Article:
So Where Are the NCOs in Star Trek?

I just cannot get behind this Star Trek rebirth.  The whole thing is just so unrealistic.  Not the warp speed or phasers or beaming about the universe - those are at least remotely plausible.  I am talking about the fact that the starship Enterprise is composed entirely of officers and yet it still seems to function.  Where are the non-commissioned officers (NCO), the petty officers and sergeants who actually make any military organization run?  No, I can suspend disbelief over Klingons and tribbles, and I actively support the notion of green alien hotties.  But the idea of a functioning military unit without sergeants is just a wormhole too far.

Hollywood movies often focus on the commanders, the captains and colonels, but they have also managed to highlight some great sergeants as well.  When you are picking out DVDs for next weekend, remember that May 16th is Armed Forces Day and consider a few selections that show the sergeant in all his gruff and grumbling glory. 

If you have never experienced the joy of going through basic training and do not plan to, your first stop should be Full Metal Jacket, with R. Lee Ermey’s legendary portrayal of a Marine drill instructor who must have missed out on the block of instruction on sensitivity.  I saw this in the theater about a week before I reported to Basic.  That was a poor idea.

The Marines I know seem to prefer Jack Webb in the more realistic The DI, but I am partial to Warren Oates as the “Big Toe” of a platoon of Army foul-ups in Stripes.  This is one great performance - as Sergeant First Class Hulka, Oates is both hilarious and moving.  You can see how this veteran NCO (his character wears the Combat Infantryman’s Badge, meaning he had seen action) truly cares about teaching his men to survive, and you kind of sympathize with him when Bill Murray’s smart-assery pushes him into slugging our hero in the gut.  Hulka’s contemptuous rejoinder to “Psycho” - “Lighten up, Francis” - is classic, as is his inventory of baffled expressions while watching the antics of his recruits.  I remember getting some of those looks myself from Drill Sergeant Whittlesey.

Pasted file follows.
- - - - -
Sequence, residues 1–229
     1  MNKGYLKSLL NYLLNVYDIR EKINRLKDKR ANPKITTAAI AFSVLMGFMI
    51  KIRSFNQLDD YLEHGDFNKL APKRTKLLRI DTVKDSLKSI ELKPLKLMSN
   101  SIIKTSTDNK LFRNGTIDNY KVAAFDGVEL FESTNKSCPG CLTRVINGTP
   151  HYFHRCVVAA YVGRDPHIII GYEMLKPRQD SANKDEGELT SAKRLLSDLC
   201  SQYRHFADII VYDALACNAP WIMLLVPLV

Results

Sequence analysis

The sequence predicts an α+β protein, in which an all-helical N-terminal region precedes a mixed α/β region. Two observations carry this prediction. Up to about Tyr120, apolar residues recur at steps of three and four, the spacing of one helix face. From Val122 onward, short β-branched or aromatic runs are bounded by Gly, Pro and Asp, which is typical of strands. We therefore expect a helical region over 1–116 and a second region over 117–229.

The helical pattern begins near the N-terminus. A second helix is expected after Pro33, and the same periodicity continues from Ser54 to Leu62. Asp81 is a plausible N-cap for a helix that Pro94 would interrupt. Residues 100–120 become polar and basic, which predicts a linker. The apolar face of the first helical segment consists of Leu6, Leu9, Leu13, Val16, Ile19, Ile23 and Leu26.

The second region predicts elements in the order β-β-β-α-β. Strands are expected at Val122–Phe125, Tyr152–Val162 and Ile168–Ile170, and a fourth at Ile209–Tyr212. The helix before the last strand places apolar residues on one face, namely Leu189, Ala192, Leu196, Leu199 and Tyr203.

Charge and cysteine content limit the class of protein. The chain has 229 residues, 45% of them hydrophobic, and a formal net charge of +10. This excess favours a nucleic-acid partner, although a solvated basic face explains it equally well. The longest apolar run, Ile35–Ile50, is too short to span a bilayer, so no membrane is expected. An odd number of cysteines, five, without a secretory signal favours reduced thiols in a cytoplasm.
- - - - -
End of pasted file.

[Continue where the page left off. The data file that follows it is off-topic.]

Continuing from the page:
And do not forget Louis Gossett, Jr. as another Devil Dog making Naval officer candidates earn the right to receive his salute in An Officer and a Gentleman. My only objection to this movie is that it made Squid School look a lot more fun than Fort Benning’s Army Officer Candidate School, but then I didn’t look like Richard Gere.